Worship is an act of religious devotion usually directed towards a deity. The word is derived from the Old English worthscipe, meaning worthiness or worth-ship — to give, at its simplest, worth to something.
Evelyn Underhill (2001) defines worship thus: "The absolute acknowledgment of all that lies beyond us—the glory that fills heaven and earth. It is the response that conscious beings make to their Creator, to the Eternal Reality from which they came forth; to God, however they may think of Him or recognize Him, and whether He be realized through religion, through nature, through history, through science, art, or human life and character." Worship asserts the reality of its object and defines its meaning by reference to it.
An act of worship may be performed individually, in an informal or formal group, or by a designated leader.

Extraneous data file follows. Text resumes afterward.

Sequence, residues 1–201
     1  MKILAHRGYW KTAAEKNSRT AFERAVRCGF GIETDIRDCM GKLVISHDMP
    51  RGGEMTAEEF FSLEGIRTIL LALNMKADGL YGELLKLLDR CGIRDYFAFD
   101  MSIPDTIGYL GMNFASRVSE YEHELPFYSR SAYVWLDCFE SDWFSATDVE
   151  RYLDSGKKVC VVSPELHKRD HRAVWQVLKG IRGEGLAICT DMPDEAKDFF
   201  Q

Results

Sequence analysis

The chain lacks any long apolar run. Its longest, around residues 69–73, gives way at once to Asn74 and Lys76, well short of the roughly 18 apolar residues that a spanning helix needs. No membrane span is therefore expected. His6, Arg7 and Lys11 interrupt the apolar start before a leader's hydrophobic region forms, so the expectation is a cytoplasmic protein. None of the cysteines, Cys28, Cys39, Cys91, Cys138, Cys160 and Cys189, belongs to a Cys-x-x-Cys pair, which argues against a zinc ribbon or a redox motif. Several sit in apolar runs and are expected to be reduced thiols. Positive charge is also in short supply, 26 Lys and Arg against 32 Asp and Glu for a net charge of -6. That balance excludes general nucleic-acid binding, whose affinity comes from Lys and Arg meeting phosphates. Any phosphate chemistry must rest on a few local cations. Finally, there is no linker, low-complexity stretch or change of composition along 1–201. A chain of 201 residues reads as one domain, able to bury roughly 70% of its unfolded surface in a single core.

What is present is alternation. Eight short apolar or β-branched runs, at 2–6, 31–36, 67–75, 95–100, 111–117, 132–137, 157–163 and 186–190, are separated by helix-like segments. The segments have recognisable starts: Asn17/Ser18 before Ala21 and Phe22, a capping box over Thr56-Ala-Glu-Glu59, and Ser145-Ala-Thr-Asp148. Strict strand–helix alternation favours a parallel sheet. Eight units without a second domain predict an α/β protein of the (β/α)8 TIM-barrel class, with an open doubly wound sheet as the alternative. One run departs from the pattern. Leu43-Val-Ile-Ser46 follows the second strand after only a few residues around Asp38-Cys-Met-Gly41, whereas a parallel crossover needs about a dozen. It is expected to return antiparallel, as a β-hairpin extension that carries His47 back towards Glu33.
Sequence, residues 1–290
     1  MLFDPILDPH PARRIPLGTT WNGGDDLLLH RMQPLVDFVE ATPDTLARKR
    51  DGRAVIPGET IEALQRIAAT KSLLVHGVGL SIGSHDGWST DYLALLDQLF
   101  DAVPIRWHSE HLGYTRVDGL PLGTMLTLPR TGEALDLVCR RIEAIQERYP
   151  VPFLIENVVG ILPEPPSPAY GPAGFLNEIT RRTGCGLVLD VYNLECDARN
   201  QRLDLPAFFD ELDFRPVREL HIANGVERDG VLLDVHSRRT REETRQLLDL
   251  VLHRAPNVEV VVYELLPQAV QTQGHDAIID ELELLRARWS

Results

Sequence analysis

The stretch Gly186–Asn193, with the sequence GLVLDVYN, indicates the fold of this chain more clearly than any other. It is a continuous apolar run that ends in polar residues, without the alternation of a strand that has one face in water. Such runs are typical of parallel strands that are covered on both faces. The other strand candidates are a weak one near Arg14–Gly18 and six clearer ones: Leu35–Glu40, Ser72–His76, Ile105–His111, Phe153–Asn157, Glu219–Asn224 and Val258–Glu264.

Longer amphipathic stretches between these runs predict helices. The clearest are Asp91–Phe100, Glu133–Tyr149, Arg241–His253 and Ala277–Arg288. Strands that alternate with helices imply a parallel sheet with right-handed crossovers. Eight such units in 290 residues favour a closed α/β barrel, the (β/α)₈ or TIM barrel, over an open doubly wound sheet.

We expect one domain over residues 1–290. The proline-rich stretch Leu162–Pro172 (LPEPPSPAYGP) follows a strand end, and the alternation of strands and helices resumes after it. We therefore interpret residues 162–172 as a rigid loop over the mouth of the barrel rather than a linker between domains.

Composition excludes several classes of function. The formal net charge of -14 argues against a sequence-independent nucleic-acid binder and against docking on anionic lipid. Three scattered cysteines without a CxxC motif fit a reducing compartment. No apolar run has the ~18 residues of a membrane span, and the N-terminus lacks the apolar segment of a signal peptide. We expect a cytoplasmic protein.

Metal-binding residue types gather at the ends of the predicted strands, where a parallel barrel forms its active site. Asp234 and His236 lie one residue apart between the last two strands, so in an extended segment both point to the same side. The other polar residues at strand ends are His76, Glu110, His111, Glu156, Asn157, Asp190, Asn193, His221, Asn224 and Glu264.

Read more about Worship: Aspects of Worship
Famous quotes containing the word worship:
“The timidity of the child or the savage is entirely reasonable; they are alarmed at this world, because this world is a very alarming place. They dislike being alone because it is verily and indeed an awful idea to be alone. Barbarians fear the unknown for the same reason that Agnostics worship itbecause it is a fact.”
—Gilbert Keith Chesterton (18741936)
“Oh! thou clear spirit of clear fire, whom on these seas I as Persian once did worship, till in the sacramental act so burned by thee, that to this hour I bear the scar; I now know thee, thou clear spirit, and I now know that thy right worship is defiance. To neither love nor reverence wilt thou be kind; and een for hate thou canst but kill; and all are killed. No fearless fool now fronts thee.”
—Herman Melville (18191891)
“So long as men worship the Caesars and Napoleons, Caesars and Napoleons will duly rise and make them miserable.”
—Aldous Huxley (18941963)